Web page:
Thursday, March 18, 2010 at 1:17 PM ET
(cross-posted from the Official YouTube Blog)
Around the globe, YouTube has become a metaphor for the democratizing power of the Internet and information. YouTube gives unknown performers, filmmakers, and artists new ways to promote their work to a global audience and rise to worldwide fame; makes it possible for political candidates and elected officials to interact with the public in new ways; enables first-hand reporting from war zones and from inside repressive regimes; and lets students of all ages and backgrounds audit classes at leading universities.
Yet YouTube and sites like it will cease to exist in their current form if Viacom and others have their way in their lawsuits against YouTube.
In their opening briefs in the Viacom vs. YouTube lawsuit (which have been made public today), Viacom and plaintiffs claim that YouTube doesn't do enough to keep their copyrighted material off the site. We ask the judge to rule that the safe harbors in the Digital Millennium Copyright Act (the "DMCA") protect YouTube from the plaintiffs' claims. Congress enacted the DMCA to benefit the public by permitting open platforms like YouTube to flourish on the Web. It gives online services protection from copyright liability if they remove unauthorized content once they’re on notice of its existence on the site.
With some minor exceptions, all videos are automatically copyrighted from the moment they are created, regardless of who creates them. This means all videos on YouTube are copyrighted -- from Charlie Bit My Finger, to the video of your cat playing the piano and the video you took at your cousin’s wedding. The issue in this lawsuit is not whether a video is copyrighted, but whether it's authorized to be on the site. The DMCA (and common sense) recognizes that content owners, not service providers like YouTube, are in the best position to know whether a specific video is authorized to be on an Internet hosting service.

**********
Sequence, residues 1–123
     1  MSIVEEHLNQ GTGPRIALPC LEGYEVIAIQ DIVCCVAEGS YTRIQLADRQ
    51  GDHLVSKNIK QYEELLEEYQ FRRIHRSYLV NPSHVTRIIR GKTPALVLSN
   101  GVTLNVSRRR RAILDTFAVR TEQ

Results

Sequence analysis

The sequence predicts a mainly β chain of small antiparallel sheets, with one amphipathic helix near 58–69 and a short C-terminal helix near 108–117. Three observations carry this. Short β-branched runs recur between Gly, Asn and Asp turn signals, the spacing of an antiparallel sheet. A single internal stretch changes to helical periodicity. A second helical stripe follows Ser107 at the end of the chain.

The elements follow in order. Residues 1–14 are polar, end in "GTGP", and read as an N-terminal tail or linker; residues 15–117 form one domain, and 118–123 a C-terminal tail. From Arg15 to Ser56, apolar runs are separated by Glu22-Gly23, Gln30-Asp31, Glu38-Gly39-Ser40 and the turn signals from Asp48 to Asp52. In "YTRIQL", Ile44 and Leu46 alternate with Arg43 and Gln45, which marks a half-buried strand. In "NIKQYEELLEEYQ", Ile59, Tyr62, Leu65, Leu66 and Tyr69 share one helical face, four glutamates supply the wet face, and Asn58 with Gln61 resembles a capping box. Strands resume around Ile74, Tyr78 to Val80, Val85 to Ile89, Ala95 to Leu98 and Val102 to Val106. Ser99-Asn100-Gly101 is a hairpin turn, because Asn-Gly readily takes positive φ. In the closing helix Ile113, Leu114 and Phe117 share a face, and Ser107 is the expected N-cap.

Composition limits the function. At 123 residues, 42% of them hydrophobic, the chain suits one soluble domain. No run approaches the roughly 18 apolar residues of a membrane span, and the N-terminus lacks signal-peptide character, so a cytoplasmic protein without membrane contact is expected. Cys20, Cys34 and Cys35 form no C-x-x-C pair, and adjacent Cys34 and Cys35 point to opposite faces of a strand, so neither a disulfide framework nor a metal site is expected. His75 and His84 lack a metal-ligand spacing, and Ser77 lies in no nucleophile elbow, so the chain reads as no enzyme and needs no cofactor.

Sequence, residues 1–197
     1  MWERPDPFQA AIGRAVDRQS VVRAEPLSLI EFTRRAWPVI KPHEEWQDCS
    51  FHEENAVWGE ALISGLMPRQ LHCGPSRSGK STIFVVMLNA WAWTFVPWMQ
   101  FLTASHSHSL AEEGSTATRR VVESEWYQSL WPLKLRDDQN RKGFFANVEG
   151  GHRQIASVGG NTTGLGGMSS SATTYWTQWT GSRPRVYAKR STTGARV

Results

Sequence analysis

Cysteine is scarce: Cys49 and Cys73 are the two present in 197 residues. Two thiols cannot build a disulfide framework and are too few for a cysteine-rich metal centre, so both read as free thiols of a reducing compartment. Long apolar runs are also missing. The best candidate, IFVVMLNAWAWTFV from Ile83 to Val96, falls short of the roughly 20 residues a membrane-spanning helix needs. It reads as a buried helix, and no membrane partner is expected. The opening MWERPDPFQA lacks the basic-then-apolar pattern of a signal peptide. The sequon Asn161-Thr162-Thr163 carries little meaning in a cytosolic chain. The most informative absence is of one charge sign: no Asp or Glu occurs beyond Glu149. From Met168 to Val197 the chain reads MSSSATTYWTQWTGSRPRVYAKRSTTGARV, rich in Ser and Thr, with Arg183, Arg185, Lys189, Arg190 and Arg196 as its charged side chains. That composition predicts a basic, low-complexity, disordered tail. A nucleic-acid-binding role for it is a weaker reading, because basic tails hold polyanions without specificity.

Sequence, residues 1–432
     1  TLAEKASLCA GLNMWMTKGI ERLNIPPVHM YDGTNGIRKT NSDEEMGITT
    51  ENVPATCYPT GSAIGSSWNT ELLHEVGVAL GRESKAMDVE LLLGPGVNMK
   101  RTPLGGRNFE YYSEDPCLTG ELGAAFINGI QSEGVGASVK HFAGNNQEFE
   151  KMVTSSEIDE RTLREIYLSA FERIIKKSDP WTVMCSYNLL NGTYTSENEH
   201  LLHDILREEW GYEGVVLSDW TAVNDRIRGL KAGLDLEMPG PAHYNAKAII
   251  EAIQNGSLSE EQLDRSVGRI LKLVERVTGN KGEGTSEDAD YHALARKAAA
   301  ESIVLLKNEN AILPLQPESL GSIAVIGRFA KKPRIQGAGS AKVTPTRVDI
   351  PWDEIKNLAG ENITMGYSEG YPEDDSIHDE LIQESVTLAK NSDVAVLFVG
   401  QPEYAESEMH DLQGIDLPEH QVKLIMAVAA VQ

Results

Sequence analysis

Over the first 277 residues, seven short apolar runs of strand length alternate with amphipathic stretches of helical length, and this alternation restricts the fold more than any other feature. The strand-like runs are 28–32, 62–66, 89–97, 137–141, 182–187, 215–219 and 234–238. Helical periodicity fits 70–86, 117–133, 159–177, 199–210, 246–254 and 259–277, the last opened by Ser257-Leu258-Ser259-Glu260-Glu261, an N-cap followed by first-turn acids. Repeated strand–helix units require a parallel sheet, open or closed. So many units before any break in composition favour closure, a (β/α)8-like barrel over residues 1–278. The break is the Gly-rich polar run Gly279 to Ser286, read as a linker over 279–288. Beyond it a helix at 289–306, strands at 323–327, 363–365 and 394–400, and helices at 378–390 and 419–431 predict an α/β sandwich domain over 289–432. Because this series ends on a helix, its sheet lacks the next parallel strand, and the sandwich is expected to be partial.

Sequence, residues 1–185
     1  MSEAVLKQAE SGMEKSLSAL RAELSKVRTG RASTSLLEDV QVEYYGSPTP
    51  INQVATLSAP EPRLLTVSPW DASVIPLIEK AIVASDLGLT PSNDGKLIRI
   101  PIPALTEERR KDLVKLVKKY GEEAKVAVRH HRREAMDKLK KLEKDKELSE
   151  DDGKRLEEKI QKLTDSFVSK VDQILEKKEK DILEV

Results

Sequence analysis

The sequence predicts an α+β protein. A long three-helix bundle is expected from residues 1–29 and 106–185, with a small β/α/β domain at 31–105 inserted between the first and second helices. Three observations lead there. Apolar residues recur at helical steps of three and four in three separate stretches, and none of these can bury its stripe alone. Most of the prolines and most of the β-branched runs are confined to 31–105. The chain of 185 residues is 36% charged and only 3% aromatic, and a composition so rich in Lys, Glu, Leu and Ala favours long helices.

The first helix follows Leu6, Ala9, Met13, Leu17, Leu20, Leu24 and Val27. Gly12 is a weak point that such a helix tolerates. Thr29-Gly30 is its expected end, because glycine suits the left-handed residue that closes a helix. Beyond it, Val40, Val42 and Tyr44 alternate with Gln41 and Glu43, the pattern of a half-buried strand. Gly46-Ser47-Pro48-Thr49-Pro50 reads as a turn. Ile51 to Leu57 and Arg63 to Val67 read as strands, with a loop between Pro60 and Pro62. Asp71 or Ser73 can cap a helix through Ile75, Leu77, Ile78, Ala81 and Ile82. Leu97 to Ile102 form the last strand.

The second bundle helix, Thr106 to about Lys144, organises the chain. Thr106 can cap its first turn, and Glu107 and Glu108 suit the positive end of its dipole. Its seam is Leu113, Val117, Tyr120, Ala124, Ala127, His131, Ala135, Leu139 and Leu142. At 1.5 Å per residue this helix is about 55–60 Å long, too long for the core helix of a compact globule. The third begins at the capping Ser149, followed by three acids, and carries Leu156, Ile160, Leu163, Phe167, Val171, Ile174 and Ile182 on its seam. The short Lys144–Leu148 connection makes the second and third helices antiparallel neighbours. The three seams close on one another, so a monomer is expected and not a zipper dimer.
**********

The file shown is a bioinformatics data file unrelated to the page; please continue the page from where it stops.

Because content owners large and small use YouTube in so many different ways, determining a particular copyright holder’s preference or a particular uploader’s authority over a given video on YouTube is difficult at best. And in this case, it was made even harder by Viacom’s own practices.
For years, Viacom continuously and secretly uploaded its content to YouTube, even while publicly complaining about its presence there. It hired no fewer than 18 different marketing agencies to upload its content to the site. It deliberately "roughed up" the videos to make them look stolen or leaked. It opened YouTube accounts using phony email addresses. It even sent employees to Kinko's to upload clips from computers that couldn't be traced to Viacom. And in an effort to promote its own shows, as a matter of company policy Viacom routinely left up clips from shows that had been uploaded to YouTube by ordinary users. Executives as high up as the president of Comedy Central and the head of MTV Networks felt "very strongly" that clips from shows like The Daily Show and The Colbert Report should remain on YouTube.
Viacom's efforts to disguise its promotional use of YouTube worked so well that even its own employees could not keep track of everything it was posting or leaving up on the site. As a result, on countless occasions Viacom demanded the removal of clips that it had uploaded to YouTube, only to return later to sheepishly ask for their reinstatement. In fact, some of the very clips that Viacom is suing us over were actually uploaded by Viacom itself.
Given Viacom’s own actions, there is no way YouTube could ever have known which Viacom content was and was not authorized to be on the site. But Viacom thinks YouTube should somehow have figured it out. The legal rule that Viacom seeks would require YouTube -- and every Web platform -- to investigate and police all content users upload, and would subject those web sites to crushing liability if they get it wrong.
Viacom’s brief misconstrues isolated lines from a handful of emails produced in this case to try to show that YouTube was founded with bad intentions, and asks the judge to believe that, even though Viacom tried repeatedly to buy YouTube, YouTube is like Napster or Grokster.
Nothing could be further from the truth. YouTube has long been a leader in providing media companies with 21st century tools to control, distribute, and make money from their content online. Working in cooperation with rights holders, our Content ID system scans over 100 years worth of video every day and lets rights holders choose whether to block, leave up, or monetize those videos. Over 1,000 media companies are now using Content ID -- including every major U.S. network broadcaster, movie studio, and record label -- and the majority of those companies choose to make money from user uploaded clips rather than block them. This is a true win-win that reflects our long-standing commitment to working with rights holders to give them the choices they want, while advancing YouTube as a platform for creativity.
We look forward to defending YouTube, and upholding the balance that Congress struck in the DMCA to protect the rights of copyright holders, the progress of technological innovation, and the public interest in free expression.